Smoke and haze can impact your breathing for days as hot weather moves into Spokane

Smoke and haze can impact your breathing for days as hot weather moves into Spokane

With fires burning all across the region, that breath of relief you took knowing firefighters are working around the clock to protect us might have been a bit choked back Tuesday as smoke moved into Spokane.

The Spokane Clean Air Agency rated the air quality most of Tuesday as “Unhealthy for Some Groups” as fine particulate matter settled into the area.

“Its a little heavy on the chest,” said Krista Rush, out walking with her kids at Riverfront Park.

Doctors and respiratory specialists at Spokane Respiratory Consultants say they’ve already had a lot of folks coming in with breathing trouble and expect it to only get busier as fire season continues to ramp up.

Dr. See, a pulmonologist of 12 years says the smoke and particulates wreak havoc on the airways.

“Our lungs have fine hairs that are called cilia and they filter the dust and particles and bad stuff,” she said. “If it gets too much, the lungs get irritated and the mucus glands react by producing more mucus, hence more phlegm production and more coughing. The airways may get inflamed or irritated.”

She says those symptoms cause problems for everyone as breathing can be impacted, but it puts those with asthma or Chronic Obstructive Pulmonary Disease (COPD) at greatest risk.

“I would recommend stay at home, closing their windows, turning on their air condition, and if they plan to go out, they should wear masks,” See said.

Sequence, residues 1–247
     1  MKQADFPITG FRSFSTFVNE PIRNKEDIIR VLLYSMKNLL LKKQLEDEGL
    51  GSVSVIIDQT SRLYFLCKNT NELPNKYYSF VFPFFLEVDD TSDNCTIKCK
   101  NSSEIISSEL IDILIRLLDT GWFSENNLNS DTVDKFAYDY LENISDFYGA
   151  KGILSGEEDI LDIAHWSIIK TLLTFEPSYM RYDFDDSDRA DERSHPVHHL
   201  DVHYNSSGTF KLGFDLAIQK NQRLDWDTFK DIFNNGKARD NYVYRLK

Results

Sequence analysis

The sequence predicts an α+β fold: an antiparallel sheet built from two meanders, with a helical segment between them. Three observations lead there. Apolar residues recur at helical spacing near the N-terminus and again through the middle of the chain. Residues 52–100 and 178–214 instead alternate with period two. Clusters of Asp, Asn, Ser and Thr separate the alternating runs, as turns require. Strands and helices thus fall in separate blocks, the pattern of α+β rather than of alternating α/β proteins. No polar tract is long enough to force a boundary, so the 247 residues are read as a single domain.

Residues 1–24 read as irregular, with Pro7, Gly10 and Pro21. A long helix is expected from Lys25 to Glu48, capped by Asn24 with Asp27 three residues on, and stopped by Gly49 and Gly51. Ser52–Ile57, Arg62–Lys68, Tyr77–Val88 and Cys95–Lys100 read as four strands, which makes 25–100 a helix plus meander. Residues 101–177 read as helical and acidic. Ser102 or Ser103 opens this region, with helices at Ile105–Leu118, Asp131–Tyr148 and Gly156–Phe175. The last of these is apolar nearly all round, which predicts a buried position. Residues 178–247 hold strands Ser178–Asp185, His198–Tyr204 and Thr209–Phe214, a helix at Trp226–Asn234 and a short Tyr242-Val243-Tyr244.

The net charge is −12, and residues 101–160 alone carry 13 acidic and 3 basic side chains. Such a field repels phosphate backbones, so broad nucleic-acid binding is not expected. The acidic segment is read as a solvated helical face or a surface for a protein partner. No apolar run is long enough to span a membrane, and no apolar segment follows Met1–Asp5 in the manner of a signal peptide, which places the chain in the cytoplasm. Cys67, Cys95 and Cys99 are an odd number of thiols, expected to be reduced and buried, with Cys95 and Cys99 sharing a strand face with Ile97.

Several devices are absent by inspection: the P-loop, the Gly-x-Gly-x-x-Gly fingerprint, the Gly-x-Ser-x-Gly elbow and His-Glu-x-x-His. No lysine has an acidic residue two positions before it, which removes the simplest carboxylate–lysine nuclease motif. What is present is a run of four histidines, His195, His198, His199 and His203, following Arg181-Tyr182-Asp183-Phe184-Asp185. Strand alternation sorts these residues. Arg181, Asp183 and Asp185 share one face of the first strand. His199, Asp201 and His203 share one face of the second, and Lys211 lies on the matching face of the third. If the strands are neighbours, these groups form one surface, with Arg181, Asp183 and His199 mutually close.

She recommends n95 or p100 rated masks, to filter out the small particles.

Folks should also be sure to change their air conditioning filters, avoid vacuuming if they are having trouble breathing and also avoid frying foods.

For the general public, she advises avoidance as well.

“We generally recommend avoiding strenuous activity outdoors, running or hiking, anything with lung exposure,” she said.

Hydration is also critical during hot smoky days.

“Making sure that you are staying hydrated and drinking lots of fluids, and also making sure to have at least a five day supply for those on medication,” she said.

Air quality can change rapidly and you don’t want to be forced out into it if its bad.

For those driving in the smoke, she encourages turning the air conditioning onto re-circulate so that you aren’t pumping in all the outdoor smoke.

To monitor local air quality ratings click here to go the Spokane Clean Air Agency website.